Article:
The Restaurante Dietético y Vegetariano places suffer from the problem I find endemic to Mexican vegetarian restaurants: a culinary sensibility stuck in the 70s where "vegetarian" food is limited to things like granola and alfalfa sprouts. Two places that I've been to in Mexico City that are not like that are Saks [http://www.saks.com.mx/] and La Buena Tierra [http://labuenatierra.com/]. They both have more traditional offerings, but without the meat.
Insurgentes Sur 1641
Col. San José Insurgentes
5615-1500 & 5611-4803
José Ma. Velasco 100
esquina con Damas
Col. San José Insurgentes
Insurgentes Sur 4342
Plaza San Jacinto No. 9
Col. San Ángel
Campos Eliseos No.133
5545-6560 & 5545-6506
La Buena Tierra locations:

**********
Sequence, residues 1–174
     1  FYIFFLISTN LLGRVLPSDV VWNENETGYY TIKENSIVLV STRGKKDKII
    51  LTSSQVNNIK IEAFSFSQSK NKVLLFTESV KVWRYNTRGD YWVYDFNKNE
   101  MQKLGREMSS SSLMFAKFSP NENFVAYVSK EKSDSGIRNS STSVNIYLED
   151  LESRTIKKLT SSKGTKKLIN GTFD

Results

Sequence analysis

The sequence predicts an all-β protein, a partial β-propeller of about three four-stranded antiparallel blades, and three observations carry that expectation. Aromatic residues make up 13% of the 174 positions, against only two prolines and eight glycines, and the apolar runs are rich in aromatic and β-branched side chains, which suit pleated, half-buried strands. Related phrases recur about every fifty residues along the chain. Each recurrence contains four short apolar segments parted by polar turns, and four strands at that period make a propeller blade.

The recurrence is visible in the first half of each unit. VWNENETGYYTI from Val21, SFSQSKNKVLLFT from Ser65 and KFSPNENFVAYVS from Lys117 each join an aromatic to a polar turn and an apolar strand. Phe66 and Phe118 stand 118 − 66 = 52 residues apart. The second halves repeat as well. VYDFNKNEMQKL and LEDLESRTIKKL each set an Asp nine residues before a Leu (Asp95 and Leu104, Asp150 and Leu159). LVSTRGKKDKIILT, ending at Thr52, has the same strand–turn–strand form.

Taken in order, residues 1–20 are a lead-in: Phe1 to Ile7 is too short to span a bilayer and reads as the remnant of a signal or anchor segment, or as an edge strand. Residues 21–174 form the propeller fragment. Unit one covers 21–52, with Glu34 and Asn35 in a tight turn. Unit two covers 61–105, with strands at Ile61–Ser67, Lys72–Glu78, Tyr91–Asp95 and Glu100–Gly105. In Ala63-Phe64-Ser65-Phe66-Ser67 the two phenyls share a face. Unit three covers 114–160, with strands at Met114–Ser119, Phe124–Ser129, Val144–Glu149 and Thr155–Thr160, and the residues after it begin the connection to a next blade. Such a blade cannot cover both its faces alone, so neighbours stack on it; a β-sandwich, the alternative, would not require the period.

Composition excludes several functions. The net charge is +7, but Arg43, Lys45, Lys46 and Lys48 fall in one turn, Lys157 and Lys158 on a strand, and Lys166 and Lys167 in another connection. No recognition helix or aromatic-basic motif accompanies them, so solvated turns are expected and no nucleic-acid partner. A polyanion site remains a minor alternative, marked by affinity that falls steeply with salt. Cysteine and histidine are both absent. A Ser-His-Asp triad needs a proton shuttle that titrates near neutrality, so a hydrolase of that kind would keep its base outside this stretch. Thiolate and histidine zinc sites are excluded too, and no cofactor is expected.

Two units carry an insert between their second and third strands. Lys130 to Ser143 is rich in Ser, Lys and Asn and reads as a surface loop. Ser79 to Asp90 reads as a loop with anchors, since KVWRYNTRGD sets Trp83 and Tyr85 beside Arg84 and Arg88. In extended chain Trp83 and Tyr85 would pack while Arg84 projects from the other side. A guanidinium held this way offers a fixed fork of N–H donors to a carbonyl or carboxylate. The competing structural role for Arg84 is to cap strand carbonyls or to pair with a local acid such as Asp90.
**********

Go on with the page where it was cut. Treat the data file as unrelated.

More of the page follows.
5211-4242 & 5211-4229
Anatole France 120
5281-2324 & 5281-2363
Insurgentes Sur 2036
5575-1549 & 5575-1593
Periférico Sur 4606
5528-3436 & 5606-2720
Col. Santa Fe
2167-4037 & 2140-4038
G. González Camarena 111
Col. Santa Fé Corporativos
5393-7174 & 5292 -8182
<Quote> The Restaurante Dietético y Vegetariano places suffer from the problem I find endemic to Mexican vegetarian restaurants: a culinary sensibility stuck in the 70s where "vegetarian" food is limited to things like granola and alfalfa sprouts. <End Quote>
I agree, and that's one of the aspects that we enjoy about it. It's very "crunchy granola and sprouts", in a nice, old fashioned way. Even the dining room, with the lady piano player, dressed in a small hat, is old fashioned. I think it reminds me of my grandparent's apartment in Brooklyn, NY, in the '40s. (Even though they were far from being vegetarians.)
Heh! Well, I'm glad that it can accomplish such nostalgia for you. Any place that can take you back to your grandparents' home is special.
But one place, or even one chain like that should be enough. I loved my grandparents too, but I'm a full-time vegetarian. Would you really want to *live* at your granparents' house all the time? :)